Megaparsec is faster and supports efficient operations on top of
takeP like Attoparsec.
If you want to see a detailed change log,
CHANGELOG.md may be helpful.
Also see this original announcement for another
Megaparsec vs Trifecta
Trifecta is another Haskell library featuring good error
messages. Some reasons one may question choice of Trifecta is his/her
Complicated, doesn't have any tutorials available, and documentation
doesn't help at all.
Trifecta can parse
ByteString natively, but not
Trifecta's error messages may be different with their own features, but
certainly not as flexible as Megaparsec's error messages in the latest
lens. This means you'll pull in half of Hackage as transitive
dependencies. Also if you're not into
lens and would like to keep your
code “vanilla”, you may not like the API.
Idris has recently switched from Trifecta to Megaparsec which
allowed it to have better error messages and fewer
Megaparsec vs Earley
Earley is a newer library that allows us to safely (it your code
compiles, then it probably works) parse context-free grammars (CFG).
Megaparsec is a lower-level library compared to Earley, but there are still
enough reasons to choose it:
Megaparsec is faster.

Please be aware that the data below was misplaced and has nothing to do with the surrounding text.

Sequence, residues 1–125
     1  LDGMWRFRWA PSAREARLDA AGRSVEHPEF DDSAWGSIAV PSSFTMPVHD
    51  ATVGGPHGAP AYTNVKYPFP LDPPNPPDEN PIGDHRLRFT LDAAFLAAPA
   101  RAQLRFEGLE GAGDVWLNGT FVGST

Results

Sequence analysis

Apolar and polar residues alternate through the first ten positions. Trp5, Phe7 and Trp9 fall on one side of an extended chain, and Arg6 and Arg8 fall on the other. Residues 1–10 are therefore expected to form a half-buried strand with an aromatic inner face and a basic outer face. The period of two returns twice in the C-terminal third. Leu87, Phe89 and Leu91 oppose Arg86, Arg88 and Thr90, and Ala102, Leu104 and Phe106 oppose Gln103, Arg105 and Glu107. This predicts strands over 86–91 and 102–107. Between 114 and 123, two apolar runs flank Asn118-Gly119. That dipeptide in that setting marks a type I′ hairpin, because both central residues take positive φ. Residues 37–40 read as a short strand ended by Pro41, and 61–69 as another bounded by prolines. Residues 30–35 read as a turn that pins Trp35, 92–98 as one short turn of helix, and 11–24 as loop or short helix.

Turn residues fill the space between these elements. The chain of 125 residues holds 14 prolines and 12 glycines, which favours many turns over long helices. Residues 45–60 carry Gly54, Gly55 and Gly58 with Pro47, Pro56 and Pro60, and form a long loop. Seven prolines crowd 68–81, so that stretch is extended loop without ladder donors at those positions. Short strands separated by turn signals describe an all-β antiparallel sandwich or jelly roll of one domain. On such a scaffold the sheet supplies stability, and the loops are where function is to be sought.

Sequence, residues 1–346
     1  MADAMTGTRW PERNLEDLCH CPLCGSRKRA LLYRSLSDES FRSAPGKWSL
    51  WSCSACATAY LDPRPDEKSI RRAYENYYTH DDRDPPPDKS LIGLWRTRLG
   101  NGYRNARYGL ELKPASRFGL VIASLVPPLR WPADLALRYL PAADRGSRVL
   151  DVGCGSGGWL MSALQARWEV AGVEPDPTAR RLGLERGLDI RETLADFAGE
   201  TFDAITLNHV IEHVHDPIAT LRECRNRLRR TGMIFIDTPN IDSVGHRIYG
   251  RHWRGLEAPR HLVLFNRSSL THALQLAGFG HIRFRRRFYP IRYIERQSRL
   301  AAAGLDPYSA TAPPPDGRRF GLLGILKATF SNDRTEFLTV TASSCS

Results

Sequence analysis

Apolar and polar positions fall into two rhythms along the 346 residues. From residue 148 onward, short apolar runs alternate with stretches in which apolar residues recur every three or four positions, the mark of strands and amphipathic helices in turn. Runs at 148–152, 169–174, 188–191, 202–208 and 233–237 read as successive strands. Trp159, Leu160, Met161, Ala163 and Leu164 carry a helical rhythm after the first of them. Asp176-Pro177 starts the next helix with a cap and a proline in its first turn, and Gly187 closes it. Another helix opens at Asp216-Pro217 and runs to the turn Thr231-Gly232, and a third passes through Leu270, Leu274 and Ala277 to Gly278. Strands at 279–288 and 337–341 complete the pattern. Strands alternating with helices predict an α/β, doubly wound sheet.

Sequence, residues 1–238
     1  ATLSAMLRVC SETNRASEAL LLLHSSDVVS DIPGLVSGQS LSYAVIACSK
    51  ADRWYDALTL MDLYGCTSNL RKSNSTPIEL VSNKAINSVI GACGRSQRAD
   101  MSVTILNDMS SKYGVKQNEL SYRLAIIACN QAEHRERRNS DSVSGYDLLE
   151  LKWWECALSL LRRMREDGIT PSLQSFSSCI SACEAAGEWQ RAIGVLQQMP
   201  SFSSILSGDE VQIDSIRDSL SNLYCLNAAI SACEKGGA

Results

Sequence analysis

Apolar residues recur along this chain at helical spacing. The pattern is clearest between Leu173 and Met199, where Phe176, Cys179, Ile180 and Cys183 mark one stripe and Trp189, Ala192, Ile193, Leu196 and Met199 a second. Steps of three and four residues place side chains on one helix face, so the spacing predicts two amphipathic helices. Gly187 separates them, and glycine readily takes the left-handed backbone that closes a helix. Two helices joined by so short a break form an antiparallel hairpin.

Your grammar may be not context-free or you may want introduce some sort
of state to the parsing process. Almost all non-trivial parsers require
something of this sort. Even if your grammar is context-free, state may
allow us to add some additional niceties. Earley does not support that.
Megaparsec's error messages are more flexible allowing to include
arbitrary data in them, return multiple error messages, mark regions that
affect any error that happens in those regions, etc.
The approach Earley uses differs from the conventional monadic parsing. If
you work not alone, people you work with, especially beginners, will be
much more productive with libraries taking more traditional path to
parsing like Megaparsec.
In other words, Megaparsec is less safe but also more powerful.
The following packages are designed to be used with Megaparsec (open a PR if
you want to add something to the list):
Prominent projects that use Megaparsec
Some prominent projects that use Megaparsec:
- Idris—a general-purpose
functional programming language with dependent types
- Hledger—an accounting tool
- MMark—strict markdown processor for
- Stache—Mustache templates for
- Language Puppet—library
for manipulating Puppet manifests
Links to announcements and blog posts
Here are some blog posts mainly announcing new features of the project and
describing what sort of things are now possible:
The project was started and is currently maintained by Mark Karpov. You can
find the complete list of contributors in the
AUTHORS.md file in the
official repository of the project. Thanks to all the people who propose
features and ideas, although they are not in
AUTHORS.md, without them
Megaparsec would not be so good.
Issues (bugs, feature requests or otherwise feedback) may be reported in
the GitHub issue tracker for this project.
Pull requests are also welcome.
Copyright © 2015–2018 Megaparsec contributors
Copyright © 2007 Paolo Martini
Copyright © 1999–2000 Daan Leijen
Distributed under FreeBSD license.